How I Handled the Research for Sotto Voce by Erin Finnegan

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This post is part of a virtual book tour organized by Goddess Fish Promotions. Erin will be awarding a Multi-format Sotto Voce eBook to 10 randomly drawn winners and a Grand Prize of a $25 B&N gift card will be awarded to one randomly drawn winner, all via rafflecopter during the tour. Click on the tour banner to see the other stops on the tour.


Alright, wipe that smirk off your face. The background research for Sotto Voce, a romance set against the backdrop of the California wine industry, involved more than pouring myself a big glass of vino every day.

A little over five years ago, I planted the first vines of what would eventually become Finnegan’s Hill Vineyard, and the lessons I’ve learned from growing, harvesting and fermenting Syrah and Zinfandel grapes were a big part of the foundation for Sotto Voce.

Winemaking is a fairly technical craft that’s dictated by nature and the seasons—something I wanted to reflect accurately in the story without overwhelming the romance that is at the heart of the story with technical jargon.

I spent a year, on and off, researching and writing Sotto Voce—which gave me a good feel for the vineyard activities over the four seasons of the story. The notebook went with me almost everywhere. (Yes, I’m old school. I devote an old-fashioned school composition book to each story I write.) If I had an idea while I was pruning the vineyard, it went straight into the notes.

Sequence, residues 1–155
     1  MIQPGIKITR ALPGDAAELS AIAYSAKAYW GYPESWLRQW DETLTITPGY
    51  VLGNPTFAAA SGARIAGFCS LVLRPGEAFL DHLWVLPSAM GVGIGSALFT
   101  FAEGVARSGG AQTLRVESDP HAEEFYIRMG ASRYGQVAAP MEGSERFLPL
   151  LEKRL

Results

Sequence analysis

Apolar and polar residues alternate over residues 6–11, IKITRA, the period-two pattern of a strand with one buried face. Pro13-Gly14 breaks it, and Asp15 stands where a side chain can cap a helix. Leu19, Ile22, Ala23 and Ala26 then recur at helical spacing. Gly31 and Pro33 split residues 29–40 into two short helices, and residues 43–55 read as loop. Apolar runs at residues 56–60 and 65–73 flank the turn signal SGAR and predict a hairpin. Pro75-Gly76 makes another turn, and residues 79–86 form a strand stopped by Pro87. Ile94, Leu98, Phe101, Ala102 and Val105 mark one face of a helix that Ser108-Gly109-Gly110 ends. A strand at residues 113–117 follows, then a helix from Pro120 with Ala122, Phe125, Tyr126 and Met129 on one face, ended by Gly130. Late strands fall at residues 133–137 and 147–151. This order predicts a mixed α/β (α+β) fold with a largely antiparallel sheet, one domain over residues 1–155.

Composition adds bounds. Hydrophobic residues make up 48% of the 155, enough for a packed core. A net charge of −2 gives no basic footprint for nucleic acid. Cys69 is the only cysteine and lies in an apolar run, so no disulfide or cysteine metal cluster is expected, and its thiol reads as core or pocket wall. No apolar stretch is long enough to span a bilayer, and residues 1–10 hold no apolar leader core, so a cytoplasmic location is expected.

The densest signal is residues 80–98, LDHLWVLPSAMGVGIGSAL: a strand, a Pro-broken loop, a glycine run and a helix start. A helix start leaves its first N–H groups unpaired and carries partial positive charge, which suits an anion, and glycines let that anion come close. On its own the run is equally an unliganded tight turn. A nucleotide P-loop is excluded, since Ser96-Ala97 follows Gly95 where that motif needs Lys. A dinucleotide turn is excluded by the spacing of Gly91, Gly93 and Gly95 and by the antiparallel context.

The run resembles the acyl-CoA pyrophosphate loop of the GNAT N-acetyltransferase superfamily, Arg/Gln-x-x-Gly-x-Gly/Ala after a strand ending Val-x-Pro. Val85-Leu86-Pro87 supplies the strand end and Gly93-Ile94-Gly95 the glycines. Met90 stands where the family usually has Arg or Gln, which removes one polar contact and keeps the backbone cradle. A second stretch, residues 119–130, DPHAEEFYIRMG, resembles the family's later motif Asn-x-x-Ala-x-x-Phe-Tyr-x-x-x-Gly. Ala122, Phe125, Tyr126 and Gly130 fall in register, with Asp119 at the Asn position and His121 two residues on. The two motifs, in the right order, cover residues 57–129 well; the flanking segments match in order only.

I also spent a lot of time talking to vintners, both professional and amateur, as much about what drew them to winemaking as the actual craft. I interviewed sommeliers, and was fortunate to be invited to help judge a couple of wine competitions, which gave me a feel for what the very fictional Taste Challenge could be, even if wine tasting as a spectator sport is a bit far-fetched.

And of course, I put in quality time in both Sonoma and Napa. It’s a dirty job, I know. I had a number of trips to wine country while I was writing Sotto Voce, largely to organize meetings and conferences for clients. But each trip was also an opportunity to visit wineries, talk to people in the industry and get a feel for the different scales of commercial winemaking in both Napa and Sonoma.

In Sonoma, I visited wineries that served as part of the inspiration for Rhapsody: the small Syrah vineyard with the spotless barn housing giant stainless fermentation tanks, and the hillside winery where the owner had built commercial caves that would never, ever be used for social events. I sat at outdoor cafes on Sonoma Plaza writing color and background, and maybe enjoyed a round or two at the girl and the fig bar.

After all, I never said that enjoying the wares of the winemaking trade wasn’t a part of my research!

10_30 Cover_Sotto VoceNew York-based wine critic Thomas Baldwin can make or break careers with his column for Taste Magazine. But when his publisher orders him to spend a year profiling rising stars of California’s wine country and organizing a competition between the big name wineries of Napa and the smaller artisan wineries of Sonoma, his world gets turned upside-down by an enigmatic young winemaker who puts art before business.

Sotto Voce is the story of love and wine, and how both require patience, passion, an acceptance of change—and an understanding that sometimes, you have to let nature take its course.

Enjoy an excerpt: